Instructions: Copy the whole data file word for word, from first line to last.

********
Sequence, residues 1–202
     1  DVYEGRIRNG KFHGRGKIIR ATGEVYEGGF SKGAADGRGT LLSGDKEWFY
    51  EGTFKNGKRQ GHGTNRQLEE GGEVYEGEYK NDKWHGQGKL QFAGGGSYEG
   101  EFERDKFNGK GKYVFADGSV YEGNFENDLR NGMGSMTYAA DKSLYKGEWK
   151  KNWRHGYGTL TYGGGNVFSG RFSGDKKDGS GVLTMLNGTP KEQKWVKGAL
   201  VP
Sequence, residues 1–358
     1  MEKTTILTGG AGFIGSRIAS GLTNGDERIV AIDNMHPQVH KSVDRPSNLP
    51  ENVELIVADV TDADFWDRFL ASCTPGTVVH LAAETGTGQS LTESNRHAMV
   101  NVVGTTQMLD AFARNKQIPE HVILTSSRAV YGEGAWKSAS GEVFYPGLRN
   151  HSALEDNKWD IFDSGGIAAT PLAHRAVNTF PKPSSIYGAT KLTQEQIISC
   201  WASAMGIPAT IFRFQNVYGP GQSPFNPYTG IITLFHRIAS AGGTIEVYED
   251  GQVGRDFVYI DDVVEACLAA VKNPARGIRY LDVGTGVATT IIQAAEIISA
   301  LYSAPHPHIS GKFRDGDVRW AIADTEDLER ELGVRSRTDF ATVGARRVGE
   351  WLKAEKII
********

Sequence, residues 1–202
     1  DVYEGRIRNG KFHGRGKIIR ATGEVYEGGF SKGAADGRGT LLSGDKEWFY
    51  EGTFKNGKRQ GHGTNRQLEE GGEVYEGEYK NDKWHGQGKL QFAGGGSYEG
   101  EFERDKFNGK GKYVFADGSV YEGNFENDLR NGMGSMTYAA DKSLYKGEWK
   151  KNWRHGYGTL TYGGGNVFSG RFSGDKKDGS GVLTMLNGTP KEQKWVKGAL
   201  VP
Sequence, residues 1–358
     1  MEKTTILTGG AGFIGSRIAS GLTNGDERIV AIDNMHPQVH KSVDRPSNLP
    51  ENVELIVADV TDADFWDRFL ASCTPGTVVH LAAETGTGQS LTESNRHAMV
   101  NVVGTTQMLD AFARNKQIPE HVILTSSRAV YGEGAWKSAS GEVFYPGLRN
   151  HSALEDNKWD IFDSGGIAAT PLAHRAVNTF PKPSSIYGAT KLTQEQIISC
   201  WASAMGIPAT IFRFQNVYGP GQSPFNPYTG IITLFHRIAS AGGTIEVYED
   251  GQVGRDFVYI DDVVEACLAA VKNPARGIRY LDVGTGVATT IIQAAEIISA
   301  LYSAPHPHIS GKFRDGDVRW AIADTEDLER ELGVRSRTDF ATVGARRVGE
   351  WLKAEKII